The Government has introduced Fair Pay Agreement legislation into Parliament. 

The Fair Pay Agreement (FPA) system will bring together employers and unions within a sector to bargain for minimum terms and conditions for all employees in that industry or occupation. 

The Bill proposes that employers and employees will be represented by bargaining parties – unions will represent employees, and employers will be represented by incorporated societies, such as employer representative organisations. This won’t require employees or employers to join those organisations to have a voice - non-members must be given opportunities to feed into bargaining strategies. 

The proposed system will offer support for bargaining sides to help them navigate the bargaining process and reach an outcome, as well as guidance and processes to resolve disputes and ensure compliance. 

Why has the legislation been introduced?

According to the Fair Pay Agreement Working Group’s report, New Zealanders work longer hours and produce less per hour than in most Organisation for Economic Co-operation and Development (OECD) countries. 

Wages in New Zealand have grown, but much more slowly for workers on lower incomes than those on high wages. The highest earners have seen their wages increase at twice the rate of middle-income earners. 

Many other countries, especially in Europe, use sector-wide collective agreements as part of their employment relations systems. The OECD recommends a model of combined sector and enterprise level collective bargaining, because it is associated with higher employment, lower unemployment, a better integration of vulnerable groups and less wage inequality than fully decentralised systems like ours. 

What is the legislation meant to do? 

In the short term, the aim of Fair Pay Agreements is to: 

  • Increase bargaining power for employees 
  • Ensure the minimum pay and employment terms are reflective of the needs of sectors covered by a Fair Pay Agreement 
  • Create an environment where businesses compete based on better products and services, rather than some trying to compete by driving down wages and conditions 
  • Incentivise businesses to invest in training and innovation 
  • Create sector-wide coordination 

And in the long term it is hoped that Fair Pay Agreements will: 

  • Boost living standards for employees and their families 
  • Share the benefits of increased productivity more widely 
  • Improve economic productivity 
  • Establish better dialogue between employers and workers 

How is the legislation meant to work?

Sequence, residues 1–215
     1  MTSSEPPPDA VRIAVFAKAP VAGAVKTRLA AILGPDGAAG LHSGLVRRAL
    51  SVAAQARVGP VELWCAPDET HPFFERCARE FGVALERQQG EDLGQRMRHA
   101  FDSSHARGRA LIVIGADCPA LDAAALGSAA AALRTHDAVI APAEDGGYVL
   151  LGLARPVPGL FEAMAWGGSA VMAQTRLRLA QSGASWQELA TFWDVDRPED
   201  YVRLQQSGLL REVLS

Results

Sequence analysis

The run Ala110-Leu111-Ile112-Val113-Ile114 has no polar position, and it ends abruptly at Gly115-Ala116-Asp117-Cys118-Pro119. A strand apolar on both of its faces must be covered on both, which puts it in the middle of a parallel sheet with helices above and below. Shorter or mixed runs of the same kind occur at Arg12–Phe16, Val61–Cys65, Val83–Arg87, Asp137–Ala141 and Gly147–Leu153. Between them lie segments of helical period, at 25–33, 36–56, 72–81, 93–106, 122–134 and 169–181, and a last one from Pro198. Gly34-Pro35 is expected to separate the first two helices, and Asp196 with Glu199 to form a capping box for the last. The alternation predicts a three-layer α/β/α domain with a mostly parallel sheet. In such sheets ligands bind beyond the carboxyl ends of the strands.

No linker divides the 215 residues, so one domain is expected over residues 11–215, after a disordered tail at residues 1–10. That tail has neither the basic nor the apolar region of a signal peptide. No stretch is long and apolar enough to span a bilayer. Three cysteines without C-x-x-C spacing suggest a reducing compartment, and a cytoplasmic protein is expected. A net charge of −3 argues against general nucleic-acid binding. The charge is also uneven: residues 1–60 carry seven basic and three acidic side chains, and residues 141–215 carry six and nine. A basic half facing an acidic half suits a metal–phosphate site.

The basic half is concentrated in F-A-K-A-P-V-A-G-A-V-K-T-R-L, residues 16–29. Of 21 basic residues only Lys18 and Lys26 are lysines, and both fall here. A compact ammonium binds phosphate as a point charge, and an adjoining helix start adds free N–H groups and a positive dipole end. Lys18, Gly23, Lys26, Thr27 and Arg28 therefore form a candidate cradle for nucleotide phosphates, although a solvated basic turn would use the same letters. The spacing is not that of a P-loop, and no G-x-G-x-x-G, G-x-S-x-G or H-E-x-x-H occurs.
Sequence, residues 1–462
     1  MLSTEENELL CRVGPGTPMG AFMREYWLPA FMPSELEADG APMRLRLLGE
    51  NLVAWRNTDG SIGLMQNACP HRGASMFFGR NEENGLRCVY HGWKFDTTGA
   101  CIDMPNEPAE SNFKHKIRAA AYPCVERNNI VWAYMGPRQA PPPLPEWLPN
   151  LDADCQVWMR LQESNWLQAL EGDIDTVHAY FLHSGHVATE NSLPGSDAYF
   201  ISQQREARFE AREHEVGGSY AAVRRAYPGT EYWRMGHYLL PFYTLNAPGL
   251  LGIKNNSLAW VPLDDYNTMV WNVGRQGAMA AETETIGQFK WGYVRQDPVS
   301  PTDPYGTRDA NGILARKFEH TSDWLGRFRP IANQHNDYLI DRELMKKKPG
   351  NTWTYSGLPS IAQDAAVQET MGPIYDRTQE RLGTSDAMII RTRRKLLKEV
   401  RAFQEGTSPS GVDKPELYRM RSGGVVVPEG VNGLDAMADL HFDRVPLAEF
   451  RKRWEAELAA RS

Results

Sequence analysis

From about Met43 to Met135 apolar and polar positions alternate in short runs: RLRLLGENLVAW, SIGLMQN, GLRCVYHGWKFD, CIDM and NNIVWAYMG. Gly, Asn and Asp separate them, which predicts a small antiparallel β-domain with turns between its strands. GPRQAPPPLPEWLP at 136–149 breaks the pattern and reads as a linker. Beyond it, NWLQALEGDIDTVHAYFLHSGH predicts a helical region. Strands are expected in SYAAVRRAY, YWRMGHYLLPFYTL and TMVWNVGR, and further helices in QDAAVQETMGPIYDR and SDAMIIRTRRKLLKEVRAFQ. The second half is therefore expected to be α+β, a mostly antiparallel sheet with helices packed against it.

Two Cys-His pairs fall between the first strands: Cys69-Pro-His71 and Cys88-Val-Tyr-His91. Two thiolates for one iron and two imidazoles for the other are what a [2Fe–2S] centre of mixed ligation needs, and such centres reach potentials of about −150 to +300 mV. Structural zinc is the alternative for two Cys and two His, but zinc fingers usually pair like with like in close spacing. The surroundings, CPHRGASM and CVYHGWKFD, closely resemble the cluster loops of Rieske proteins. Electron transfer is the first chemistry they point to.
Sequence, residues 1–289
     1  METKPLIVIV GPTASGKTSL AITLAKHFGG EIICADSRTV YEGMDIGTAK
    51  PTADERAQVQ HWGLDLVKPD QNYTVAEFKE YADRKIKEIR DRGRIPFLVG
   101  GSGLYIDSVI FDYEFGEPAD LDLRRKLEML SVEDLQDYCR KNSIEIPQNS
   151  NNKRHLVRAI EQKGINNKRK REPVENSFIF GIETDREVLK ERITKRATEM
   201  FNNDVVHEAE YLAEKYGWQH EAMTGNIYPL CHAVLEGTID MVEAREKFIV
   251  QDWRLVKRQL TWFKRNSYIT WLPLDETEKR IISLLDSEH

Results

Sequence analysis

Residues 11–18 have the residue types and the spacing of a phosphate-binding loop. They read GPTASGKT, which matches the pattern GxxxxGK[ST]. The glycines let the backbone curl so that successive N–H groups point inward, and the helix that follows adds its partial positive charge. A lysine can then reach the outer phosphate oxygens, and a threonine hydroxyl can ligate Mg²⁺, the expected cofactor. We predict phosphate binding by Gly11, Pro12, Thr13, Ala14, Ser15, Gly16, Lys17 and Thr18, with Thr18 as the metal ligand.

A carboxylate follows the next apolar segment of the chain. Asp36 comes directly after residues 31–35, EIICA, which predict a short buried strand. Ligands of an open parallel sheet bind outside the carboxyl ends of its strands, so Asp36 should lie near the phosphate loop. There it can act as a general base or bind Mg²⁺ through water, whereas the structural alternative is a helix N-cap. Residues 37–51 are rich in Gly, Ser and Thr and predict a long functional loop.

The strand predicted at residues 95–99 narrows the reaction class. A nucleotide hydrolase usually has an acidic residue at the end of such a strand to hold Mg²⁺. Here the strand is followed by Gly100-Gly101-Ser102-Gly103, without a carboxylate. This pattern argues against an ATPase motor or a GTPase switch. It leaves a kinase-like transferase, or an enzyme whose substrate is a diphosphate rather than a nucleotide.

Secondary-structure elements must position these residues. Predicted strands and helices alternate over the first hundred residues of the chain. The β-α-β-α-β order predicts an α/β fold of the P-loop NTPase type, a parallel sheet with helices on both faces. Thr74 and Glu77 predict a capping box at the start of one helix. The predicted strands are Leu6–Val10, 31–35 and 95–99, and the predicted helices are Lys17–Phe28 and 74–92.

Under the proposed system, any union may initiate bargaining for a Fair Pay Agreement if it represents at least 1000 employees or 10 per cent of the employees in the proposed coverage. 

Once initiated, an employer bargaining side must be formed to bargain for the claim. Individual employers cannot sit at the bargaining table. Instead, “employer associations” will bargain on behalf of their members. 

If both sides can reach an agreement, those terms will become the minimum standard which applies to everyone in the coverage clause. 

This will be regardless of whether the employee belonged to one of the unions on the bargaining side or not. Similarly, it will apply to all employers with covered workers, regardless of whether they belong to an employer association on the bargaining side or not. 

Employees are not allowed to strike for the purposes of bargaining for a Fair Pay Agreement. However, if both bargaining sides cannot reach an agreement, then the Employment Relations Authority can set the terms of the Fair Pay Agreement. 

While the legislation is anticipated to largely impact roles such as cleaners, security workers or similar roles where there are poor working conditions and low pay, however, as currently proposed, the bill could affect all industries and occupations, regardless of whether they are low paid or not. 

Will the legislation impact me? 

If passed, the legislation is anticipated to have an impact in almost every corner of the New Zealand workforce, so very likely, yes. We’ve put together a series of articles that provide both legal and other opinions to help you anticipate what these changes will mean for you and your workplace. 

What should I do to prepare? 

  • Consider the potential implications for your business or organisation 
  • Get a handle on the timeline and make a public submission if you have feedback on the proposed bill 
  • Plan for different scenarios i.e. increased labour costs and ways to manage this should a FPA be implemented in your sector 
  • Reach out to experts if you need more information

Legal Opinions 

While the intent behind the legislation is clear, the potential impacts for different parties do vary greatly. Some employers who have never had to negotiate or be involved in bargaining before face the potential need to do so, in addition to managing potential increases in salaries and wages. Check out the opinions from various legal professionals by following the links below. 

Useful Resources 

Original URL